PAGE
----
With the magic of book shopping under threat from three-for-two tables, Amazon discounts and deathly downloads, readers can’t be blamed for looking backwards for inspiration – seeking literary gifts that feel a little more special in an era of supermarket shelves and next-day delivery. We got the lowdown on rare books from Pom Harrington of Peter Harrington books.
Pom’s dad started a market stall selling first editions in Chelsea Indoor Market in 1969, and it evolved over time into the grand premises the company occupies today on the Fulham Road. This is a place of steep staircases and staff labouring bookishly in hidden corners, and it’s crammed with first editions: everything from Principia Mathematica to Harry Potter to a letter from Christopher Columbus to the king of Spain.
If you’re looking for an evocative Christmas present, there are well-loved novels galore. Enduring English favourites include AA Milne’s Pooh series, and tales by Virginia Woolf, Graham Greene, Ian Fleming and Evelyn Waugh. There’s always international demand for American fiction, particularly Hemingway novels, Catcher in the Rye and Catch-22 – classic books that remind readers of their formative years.
Pom deploys Fleming’s most enduring creation to give us a sense of how collectors get the bug. ‘They like James Bond, they’ve grown up with the films. Now, take the first book: Casino Royale from 1953. For a perfect copy with a great jacket you’re looking at tens of thousands of pounds. Live and Let Die came out the next year, and it’s half the price. As Bond got more popular, more were printed, so by the time Octopussy is published, a year after Fleming’s death… well, it’s only £150. But what happens is, people often start with Octopussy and then think, oh, The Man with the Golden Gun – that’s only £250…’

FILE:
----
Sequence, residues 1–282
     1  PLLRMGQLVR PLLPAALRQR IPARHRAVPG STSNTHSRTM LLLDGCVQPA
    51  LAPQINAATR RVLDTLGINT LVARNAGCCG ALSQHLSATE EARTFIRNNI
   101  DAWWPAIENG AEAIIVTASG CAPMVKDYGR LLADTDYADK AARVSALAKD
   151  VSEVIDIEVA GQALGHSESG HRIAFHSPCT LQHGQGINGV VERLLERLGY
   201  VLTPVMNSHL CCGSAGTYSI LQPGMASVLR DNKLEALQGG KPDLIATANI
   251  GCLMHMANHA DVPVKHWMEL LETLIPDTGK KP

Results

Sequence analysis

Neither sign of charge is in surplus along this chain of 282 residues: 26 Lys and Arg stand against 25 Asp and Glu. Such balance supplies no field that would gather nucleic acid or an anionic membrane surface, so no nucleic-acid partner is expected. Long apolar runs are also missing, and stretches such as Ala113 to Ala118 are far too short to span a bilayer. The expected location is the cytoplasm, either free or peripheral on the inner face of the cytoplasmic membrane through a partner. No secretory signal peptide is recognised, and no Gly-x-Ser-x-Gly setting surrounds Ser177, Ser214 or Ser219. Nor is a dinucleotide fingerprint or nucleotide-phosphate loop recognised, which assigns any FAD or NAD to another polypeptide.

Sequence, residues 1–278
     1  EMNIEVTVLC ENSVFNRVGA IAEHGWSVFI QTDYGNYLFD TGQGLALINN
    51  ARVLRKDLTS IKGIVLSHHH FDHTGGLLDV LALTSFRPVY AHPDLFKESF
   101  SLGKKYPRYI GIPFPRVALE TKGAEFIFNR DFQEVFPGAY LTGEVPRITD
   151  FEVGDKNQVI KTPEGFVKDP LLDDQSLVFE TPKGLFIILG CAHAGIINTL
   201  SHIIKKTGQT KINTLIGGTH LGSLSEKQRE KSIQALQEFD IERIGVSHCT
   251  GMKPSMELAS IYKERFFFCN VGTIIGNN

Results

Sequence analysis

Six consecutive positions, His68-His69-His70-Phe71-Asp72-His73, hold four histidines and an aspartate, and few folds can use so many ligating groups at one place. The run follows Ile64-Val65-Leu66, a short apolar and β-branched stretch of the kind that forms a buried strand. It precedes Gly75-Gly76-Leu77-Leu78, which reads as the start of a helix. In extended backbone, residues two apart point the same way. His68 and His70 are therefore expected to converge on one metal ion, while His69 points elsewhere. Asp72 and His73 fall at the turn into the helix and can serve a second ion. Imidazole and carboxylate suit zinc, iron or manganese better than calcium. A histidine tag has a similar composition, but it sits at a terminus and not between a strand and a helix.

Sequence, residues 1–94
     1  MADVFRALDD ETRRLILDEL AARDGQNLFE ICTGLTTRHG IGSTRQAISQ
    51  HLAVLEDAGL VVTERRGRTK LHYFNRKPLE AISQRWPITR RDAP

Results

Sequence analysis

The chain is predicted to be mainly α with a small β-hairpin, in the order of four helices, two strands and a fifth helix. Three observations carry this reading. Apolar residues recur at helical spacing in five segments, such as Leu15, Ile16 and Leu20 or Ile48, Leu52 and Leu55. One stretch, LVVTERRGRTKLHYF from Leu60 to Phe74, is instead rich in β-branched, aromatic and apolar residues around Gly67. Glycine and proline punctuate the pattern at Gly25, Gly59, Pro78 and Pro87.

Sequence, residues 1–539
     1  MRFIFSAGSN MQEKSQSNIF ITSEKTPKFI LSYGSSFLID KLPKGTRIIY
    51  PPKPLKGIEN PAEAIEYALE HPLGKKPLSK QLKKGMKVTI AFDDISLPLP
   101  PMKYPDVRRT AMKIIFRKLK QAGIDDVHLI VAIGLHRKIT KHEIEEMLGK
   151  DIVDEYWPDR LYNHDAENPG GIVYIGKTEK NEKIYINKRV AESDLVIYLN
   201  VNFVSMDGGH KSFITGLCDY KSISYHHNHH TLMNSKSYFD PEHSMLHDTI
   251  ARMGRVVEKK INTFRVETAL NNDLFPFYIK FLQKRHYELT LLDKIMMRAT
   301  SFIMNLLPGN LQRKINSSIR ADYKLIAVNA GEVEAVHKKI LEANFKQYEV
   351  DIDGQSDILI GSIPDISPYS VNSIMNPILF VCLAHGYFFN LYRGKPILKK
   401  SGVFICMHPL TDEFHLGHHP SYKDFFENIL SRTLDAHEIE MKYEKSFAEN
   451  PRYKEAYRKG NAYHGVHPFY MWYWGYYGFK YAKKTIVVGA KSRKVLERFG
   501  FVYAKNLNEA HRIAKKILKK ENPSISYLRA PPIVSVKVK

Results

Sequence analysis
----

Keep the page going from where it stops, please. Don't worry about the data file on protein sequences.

Pom’s guide for buyers
‘In the main, books have got to be first edition. A second-edition Shakespeare Folio may set you back £400,000, but what you’re looking for is what the Americans call First Printing, and we call First Impression. And condition is everything. Ask yourself: ‘Is this what the book looked like in the year it was published? The closer you get to that, the greater the value.’
‘Print rarity is important. The first Harry Potter print run was 500 copies, and a zillion people want it. But by the last one, Deathly Hallows, the print run was something like five million. People call me up and ask how much it’s worth, and I say, whatever you paid for it. You need rarity to have value.’
‘If you are buying with investment in mind, remember that people start collecting books in their forties and fifties, as that’s when they have spare money. And they tend to like books that thrilled them when they were kids. We’re currently seeing a huge growth in Roald Dahl. Matilda, for example, was printed in the 1980s: you used to be able to buy a second-hand copy for £10–£20, and now they’re £200–£300.’
‘A book will often go up in value if it’s made into a film. But it’s got to be a good movie. CS Lewis saw a bit of rise, in anticipation of the Narnia movies, but the film didn’t do that well, so prices went down again. Whereas Tolkien prices have double and trebled.’